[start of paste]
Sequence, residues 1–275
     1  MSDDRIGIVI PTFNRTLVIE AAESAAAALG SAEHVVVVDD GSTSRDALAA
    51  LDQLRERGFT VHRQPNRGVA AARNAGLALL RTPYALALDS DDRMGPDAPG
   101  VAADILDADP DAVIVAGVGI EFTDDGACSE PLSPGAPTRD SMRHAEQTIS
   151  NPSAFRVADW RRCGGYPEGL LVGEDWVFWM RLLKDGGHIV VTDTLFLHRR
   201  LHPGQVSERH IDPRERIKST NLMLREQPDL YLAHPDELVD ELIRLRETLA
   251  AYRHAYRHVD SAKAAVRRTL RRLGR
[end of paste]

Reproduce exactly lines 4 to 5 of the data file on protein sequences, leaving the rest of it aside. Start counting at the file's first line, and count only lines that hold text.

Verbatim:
   101  VAADILDADP DAVIVAGVGI EFTDDGACSE PLSPGAPTRD SMRHAEQTIS
   151  NPSAFRVADW RRCGGYPEGL LVGEDWVFWM RLLKDGGHIV VTDTLFLHRR